Chief Morris to resign; national search underway for chief of police operations

UNIVERSITY PARK, Pa. — Keith Morris, chief of police operations for Penn State University Police and Public Safety, has announced he will resign effective Feb. 28 so that he can pursue other professional opportunities and spend more time with his family.

“It was with deep regret that I recently accepted the resignation of Keith Morris, chief of police operations, as he will be leaving Penn State next month to pursue a new professional endeavor that will allow him to spend more time with his family,” said Charlie Noffsinger, assistance vice president of University Police and Public Safety. “I understand why Keith has made this difficult decision, and I’m grateful for the contributions and leadership he has provided the department over the last two years.”

Morris said, “As a Penn State alumnus, I have truly valued my time at Penn State, and while this is the right decision for me, I will always be grateful for the opportunity I had to serve as a law enforcement leader at Penn State, a world-class institution with a police agency known for its professionalism.”

The University has launched a national search to find Morris’ replacement.

“Chief Morris and his professional expertise will be missed; however, I am confident a national search will yield a candidate that allows University Police and Public Safety to continue its upward momentum,” said David Gray, senior vice president for finance and business.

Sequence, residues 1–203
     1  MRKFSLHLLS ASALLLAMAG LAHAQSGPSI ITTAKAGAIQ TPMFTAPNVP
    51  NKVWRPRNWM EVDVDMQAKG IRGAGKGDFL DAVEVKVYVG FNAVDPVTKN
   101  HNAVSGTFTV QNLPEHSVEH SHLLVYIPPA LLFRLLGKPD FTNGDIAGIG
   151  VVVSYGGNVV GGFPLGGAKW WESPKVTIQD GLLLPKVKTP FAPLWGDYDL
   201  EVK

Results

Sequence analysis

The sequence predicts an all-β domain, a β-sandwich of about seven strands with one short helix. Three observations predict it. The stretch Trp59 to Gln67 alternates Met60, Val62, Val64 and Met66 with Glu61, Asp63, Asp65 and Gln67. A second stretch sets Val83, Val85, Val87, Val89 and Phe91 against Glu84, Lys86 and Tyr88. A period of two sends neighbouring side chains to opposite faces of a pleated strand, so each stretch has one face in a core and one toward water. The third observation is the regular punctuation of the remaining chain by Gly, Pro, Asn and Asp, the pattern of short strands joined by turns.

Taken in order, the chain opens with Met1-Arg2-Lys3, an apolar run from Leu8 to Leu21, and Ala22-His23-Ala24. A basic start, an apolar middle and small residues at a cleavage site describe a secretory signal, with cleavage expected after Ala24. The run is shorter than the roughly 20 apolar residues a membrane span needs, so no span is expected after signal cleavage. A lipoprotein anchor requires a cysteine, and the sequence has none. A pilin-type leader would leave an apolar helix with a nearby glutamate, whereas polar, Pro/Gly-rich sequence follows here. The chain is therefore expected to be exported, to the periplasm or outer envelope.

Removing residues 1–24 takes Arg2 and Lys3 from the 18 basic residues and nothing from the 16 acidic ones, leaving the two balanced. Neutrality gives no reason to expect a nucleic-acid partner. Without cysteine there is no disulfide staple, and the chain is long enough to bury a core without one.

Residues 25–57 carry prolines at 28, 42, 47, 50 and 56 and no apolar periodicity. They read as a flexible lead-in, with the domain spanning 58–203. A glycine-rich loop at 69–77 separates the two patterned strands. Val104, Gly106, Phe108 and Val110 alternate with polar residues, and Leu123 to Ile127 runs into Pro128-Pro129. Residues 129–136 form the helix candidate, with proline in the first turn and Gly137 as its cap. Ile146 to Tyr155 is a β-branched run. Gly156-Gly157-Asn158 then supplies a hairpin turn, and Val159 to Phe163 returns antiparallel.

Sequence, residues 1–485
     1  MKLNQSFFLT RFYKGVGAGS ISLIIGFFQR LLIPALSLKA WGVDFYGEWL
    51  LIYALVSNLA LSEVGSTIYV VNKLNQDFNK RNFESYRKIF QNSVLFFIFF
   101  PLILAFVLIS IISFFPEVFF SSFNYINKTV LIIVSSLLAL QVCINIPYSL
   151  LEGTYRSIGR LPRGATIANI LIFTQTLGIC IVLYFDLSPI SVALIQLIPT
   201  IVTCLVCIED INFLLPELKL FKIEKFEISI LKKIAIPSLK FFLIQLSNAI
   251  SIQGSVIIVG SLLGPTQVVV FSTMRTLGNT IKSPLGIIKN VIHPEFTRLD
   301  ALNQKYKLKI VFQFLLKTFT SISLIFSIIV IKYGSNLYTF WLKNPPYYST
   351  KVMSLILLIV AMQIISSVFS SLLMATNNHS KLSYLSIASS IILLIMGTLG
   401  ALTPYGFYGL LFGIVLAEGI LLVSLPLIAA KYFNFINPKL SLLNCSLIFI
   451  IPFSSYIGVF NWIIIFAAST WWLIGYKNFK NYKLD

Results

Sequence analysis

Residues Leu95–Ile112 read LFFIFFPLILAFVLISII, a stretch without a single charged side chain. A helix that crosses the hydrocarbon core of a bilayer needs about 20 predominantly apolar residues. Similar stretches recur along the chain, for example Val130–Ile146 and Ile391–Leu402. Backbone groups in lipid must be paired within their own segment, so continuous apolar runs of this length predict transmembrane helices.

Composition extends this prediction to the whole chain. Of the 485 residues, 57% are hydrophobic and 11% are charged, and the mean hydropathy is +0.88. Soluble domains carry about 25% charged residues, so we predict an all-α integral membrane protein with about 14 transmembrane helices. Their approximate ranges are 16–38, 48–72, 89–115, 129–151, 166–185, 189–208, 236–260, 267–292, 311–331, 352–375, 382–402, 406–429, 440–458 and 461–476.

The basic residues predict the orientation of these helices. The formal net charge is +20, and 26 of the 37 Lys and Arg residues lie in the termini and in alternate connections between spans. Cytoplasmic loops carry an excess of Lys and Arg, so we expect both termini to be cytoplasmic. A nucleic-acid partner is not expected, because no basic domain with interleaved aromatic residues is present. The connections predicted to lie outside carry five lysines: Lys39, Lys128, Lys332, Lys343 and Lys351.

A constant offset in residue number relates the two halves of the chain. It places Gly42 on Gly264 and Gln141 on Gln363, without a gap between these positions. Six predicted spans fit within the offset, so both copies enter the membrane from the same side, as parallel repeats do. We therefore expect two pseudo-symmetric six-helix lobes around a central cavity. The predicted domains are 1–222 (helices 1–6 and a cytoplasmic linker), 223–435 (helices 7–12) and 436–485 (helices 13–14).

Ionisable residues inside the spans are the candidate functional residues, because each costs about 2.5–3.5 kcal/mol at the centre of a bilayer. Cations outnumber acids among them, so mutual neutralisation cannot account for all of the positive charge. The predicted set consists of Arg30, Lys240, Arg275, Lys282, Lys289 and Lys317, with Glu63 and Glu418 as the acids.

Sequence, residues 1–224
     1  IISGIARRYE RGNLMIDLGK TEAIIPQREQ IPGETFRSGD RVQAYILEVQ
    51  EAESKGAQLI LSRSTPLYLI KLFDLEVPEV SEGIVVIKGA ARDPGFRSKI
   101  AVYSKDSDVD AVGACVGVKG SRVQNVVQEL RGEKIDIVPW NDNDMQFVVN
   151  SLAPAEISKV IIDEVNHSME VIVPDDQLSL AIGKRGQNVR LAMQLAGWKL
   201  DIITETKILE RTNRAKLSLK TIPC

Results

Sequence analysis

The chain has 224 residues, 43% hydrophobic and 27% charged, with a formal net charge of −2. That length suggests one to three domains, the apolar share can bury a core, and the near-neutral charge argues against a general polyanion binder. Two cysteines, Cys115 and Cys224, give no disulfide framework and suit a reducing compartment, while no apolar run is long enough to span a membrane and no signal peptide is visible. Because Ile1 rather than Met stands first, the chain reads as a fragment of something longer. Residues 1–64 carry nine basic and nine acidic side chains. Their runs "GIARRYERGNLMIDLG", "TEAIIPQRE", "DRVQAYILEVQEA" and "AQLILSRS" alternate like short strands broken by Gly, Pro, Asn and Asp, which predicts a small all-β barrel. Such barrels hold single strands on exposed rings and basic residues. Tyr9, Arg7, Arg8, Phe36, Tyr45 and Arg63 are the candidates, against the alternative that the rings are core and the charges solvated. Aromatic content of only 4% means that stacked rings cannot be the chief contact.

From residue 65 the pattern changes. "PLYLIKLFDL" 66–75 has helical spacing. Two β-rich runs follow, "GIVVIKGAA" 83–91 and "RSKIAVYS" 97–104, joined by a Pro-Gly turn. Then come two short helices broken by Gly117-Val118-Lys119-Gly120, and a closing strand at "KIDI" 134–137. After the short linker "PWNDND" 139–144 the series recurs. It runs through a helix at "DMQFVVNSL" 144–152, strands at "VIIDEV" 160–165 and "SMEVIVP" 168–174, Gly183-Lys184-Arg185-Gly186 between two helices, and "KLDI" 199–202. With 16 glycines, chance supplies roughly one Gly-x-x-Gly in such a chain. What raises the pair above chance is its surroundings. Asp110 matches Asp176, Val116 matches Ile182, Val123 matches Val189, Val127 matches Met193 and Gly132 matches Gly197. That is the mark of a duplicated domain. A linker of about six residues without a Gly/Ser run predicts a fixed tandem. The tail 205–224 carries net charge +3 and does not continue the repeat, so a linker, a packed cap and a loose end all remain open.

Morris joined Penn State in 2017 as chief of police at University Park, after serving as police chief in the Allentown Police Department. In 2018, he was named chief of police operations, overseeing 22 campuses with University Police services, following the retirement of his predecessor, Mike Lowery. At that time, Deputy Chief Tom Sowerby became commander of the University Park police station. Sowerby remains the commanding officer at University Park.

Established in 1926 as Campus Patrol, today Penn State University Police and Public Safety is responsible for protecting and serving more than 100,000 students, employees and visitors at 22 campuses located throughout Pennsylvania.

In 2017, Penn State centralized University Police and Public Safety by combining campus-based units into one cohesive department under the direction of the assistant vice president for University Police and Public Safety.

University Police and Public Safety houses University Police, a full-service police department with sworn police officers who have full arrest powers. University Police also includes specialized services and units, such as a K-9 Unit, Criminal Investigations Unit, and Community-Oriented Policing Unit.

University Police is divided into six districts in Pennsylvania: northwest, southwest, central, southeast, northeast and University Park, each led by a district commander. During this transition, all district commanders will report to Noffsinger.

University Police and Public Safety also houses behavioral threat management, Clery compliance, emergency management, and physical security.

Last Updated August 06, 2020